Sludge Factory Exhibition: An element of the person imbued within the object.


Sludge Factory was a collaborative exhibition that took place in Buster Mantis, a restaurant bar in Deptford. This was a great opportunity to get to know our groups work and organise an offsite show that utilised a different space to the studio. Seeing our work in another space and environment was particularly useful to pick up on varying strengths and weaknesses of the pieces we had made as well as to adapt work to suit the surroundings and get an idea of where we would situate future works.


My piece Granny’s’ Box worked well in this space as it relied heavily upon a small projection that was dependent on the surrounding light. The low level lighting in the bar was perfect for really allowing the projection to stay clear and prominent.  The intimacy of Buster Mantis was reflected in the closeness of Granny’s Box. Being only 20x10cm and containing old postcards and a mini projection, Granny’s Boxdraws the audience in and encourages a sensitive handling of the postcards.


Reflecting on my piece retrospectively I was able to appreciate various other aspects of it, relating it more in depth to my recent research.

This specifically was applicable to the application of my grandmother’s decorated box, which was the focus of the piece. Initially implemented as part of a practice compartmentalising accumulated items, I began to recognise more personal and supernatural elements. As Bruce Hood discusses in Supersense, part of human nature is to feel that there are certain aspects of the owner imbued in an object. Despite religious dispositions, most of us will have some sort of belief that objects carry an aura or association with the previous owner. Hood addresses and illustrates this in his book where he talks about a social experiment in which he offered a class of people a cardigan to try on. Most people raised their hands to signify that they would try it on however when Hood then told the class that the cardigan had belonged to Fred West, no one would try on the cardigan. By association, people felt connected to someone via their possessions and therefore connected to – in this case – the heinous crimes of that person also. This form irrational belief system falls into the supernatural, and although not supported by physical evidence, is a common mentality and reaction.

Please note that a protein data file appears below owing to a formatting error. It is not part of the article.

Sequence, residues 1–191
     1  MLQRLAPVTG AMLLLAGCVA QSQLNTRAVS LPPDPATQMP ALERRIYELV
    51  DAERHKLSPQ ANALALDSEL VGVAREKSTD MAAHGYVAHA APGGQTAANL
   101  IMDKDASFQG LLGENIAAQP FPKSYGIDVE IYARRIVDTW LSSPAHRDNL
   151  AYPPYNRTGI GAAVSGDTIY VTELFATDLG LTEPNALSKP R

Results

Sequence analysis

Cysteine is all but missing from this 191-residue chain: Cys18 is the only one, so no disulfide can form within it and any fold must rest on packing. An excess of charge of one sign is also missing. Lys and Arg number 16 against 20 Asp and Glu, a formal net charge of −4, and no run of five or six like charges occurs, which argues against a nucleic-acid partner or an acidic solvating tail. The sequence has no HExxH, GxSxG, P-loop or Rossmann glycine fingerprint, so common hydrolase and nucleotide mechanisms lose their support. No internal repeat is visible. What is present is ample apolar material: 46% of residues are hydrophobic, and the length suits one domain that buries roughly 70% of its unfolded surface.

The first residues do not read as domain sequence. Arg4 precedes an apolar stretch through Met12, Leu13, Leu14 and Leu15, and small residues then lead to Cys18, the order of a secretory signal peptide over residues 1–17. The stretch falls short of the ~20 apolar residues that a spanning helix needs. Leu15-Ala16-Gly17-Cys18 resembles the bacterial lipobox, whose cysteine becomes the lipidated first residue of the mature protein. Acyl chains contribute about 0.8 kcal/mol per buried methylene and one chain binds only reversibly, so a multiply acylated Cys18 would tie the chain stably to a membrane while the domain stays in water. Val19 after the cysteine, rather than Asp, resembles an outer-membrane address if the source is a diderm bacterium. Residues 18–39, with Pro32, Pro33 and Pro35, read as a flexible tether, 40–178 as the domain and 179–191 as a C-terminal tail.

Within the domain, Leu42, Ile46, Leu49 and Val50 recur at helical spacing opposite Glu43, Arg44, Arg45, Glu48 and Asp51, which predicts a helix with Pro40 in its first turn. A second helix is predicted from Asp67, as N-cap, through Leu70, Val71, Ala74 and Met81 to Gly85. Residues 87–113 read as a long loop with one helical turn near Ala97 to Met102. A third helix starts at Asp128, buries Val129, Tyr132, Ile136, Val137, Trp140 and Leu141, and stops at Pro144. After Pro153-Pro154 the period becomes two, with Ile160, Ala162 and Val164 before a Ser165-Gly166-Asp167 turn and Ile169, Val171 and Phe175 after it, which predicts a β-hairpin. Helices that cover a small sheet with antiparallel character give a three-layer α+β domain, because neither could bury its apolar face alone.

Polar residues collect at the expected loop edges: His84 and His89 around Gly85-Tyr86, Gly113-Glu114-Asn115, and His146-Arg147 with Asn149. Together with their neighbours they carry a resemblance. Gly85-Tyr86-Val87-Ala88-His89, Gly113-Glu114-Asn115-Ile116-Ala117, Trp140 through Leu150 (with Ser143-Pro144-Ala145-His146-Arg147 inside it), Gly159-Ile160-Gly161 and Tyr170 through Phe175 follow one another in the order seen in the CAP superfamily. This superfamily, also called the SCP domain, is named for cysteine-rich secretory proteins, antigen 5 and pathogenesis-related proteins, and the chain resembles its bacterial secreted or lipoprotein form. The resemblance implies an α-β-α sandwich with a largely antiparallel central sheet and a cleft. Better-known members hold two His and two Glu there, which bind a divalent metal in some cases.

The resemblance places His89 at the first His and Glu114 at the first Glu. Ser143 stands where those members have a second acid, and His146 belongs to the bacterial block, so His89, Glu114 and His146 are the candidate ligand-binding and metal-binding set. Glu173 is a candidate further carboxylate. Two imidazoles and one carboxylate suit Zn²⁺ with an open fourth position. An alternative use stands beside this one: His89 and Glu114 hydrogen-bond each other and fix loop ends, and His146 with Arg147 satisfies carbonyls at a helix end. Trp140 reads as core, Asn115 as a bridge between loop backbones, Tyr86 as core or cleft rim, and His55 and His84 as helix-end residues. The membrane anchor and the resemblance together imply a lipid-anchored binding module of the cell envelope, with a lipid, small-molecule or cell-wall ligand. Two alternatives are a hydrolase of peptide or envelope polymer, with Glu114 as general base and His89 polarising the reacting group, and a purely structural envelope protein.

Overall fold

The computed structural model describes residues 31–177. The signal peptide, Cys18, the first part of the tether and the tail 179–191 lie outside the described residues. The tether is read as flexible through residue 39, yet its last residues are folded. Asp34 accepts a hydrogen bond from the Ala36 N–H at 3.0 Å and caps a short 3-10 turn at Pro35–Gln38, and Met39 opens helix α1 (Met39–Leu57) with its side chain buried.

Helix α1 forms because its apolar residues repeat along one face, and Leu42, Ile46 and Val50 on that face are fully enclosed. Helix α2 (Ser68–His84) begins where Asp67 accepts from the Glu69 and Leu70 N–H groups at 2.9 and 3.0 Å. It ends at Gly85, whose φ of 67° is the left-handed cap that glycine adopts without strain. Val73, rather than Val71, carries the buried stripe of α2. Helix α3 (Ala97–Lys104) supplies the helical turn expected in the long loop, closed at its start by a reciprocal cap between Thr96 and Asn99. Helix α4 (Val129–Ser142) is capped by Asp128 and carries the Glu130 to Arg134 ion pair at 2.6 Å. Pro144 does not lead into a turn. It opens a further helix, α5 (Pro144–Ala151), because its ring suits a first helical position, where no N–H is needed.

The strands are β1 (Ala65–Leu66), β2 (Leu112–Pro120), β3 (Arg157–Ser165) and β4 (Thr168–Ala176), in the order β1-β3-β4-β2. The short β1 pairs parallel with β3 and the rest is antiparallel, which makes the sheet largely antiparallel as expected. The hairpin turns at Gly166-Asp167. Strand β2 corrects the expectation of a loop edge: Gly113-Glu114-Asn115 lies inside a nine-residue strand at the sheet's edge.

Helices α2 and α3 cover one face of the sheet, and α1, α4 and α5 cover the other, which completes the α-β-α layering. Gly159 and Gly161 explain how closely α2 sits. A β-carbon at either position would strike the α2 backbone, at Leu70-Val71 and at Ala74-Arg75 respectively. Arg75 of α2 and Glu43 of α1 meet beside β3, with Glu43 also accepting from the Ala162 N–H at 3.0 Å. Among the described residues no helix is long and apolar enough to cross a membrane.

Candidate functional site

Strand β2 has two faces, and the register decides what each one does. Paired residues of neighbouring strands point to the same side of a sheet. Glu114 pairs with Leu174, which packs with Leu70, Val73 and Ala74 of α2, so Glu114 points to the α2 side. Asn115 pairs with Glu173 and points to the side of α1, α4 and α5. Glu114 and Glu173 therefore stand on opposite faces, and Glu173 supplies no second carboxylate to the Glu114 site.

Being able to identify with this supernatural belief system made it clearer for me to contextualise Granny’s Boxas well as identify motives for other pieces of work I have made. The compulsion to use certain objects and re use materials – particularly images, has been a prominent part of my process and visual practice however I have struggled at times to really verbalise why this is.


As I looked at in a previous blog, we either consciously or subconsciously have a narrative that we are trying to forge through the items that we accumulate and this explains why we think this is a successful mission as we project onto others based on their belongings also.


Had another box been used besides that that previous belonged to my Granny, the whole piece would have a very different meaning. It’s value sentimentally would be significantly reduced as well as any potential monetary value. The uniqueness of the item and the fact my Grandmother who is no longer alive painted it makes it a true original, unable to be replicated or mass-produced. Perhaps this is what I am drawn to  (besides being emotionally closer to my grandmother by association through the object of course), because after all, what artist doesn’t want to create original work?




Installation View Granny’s Box, 2018, Buster Mantis, Deptford

Granny’s Box, 2018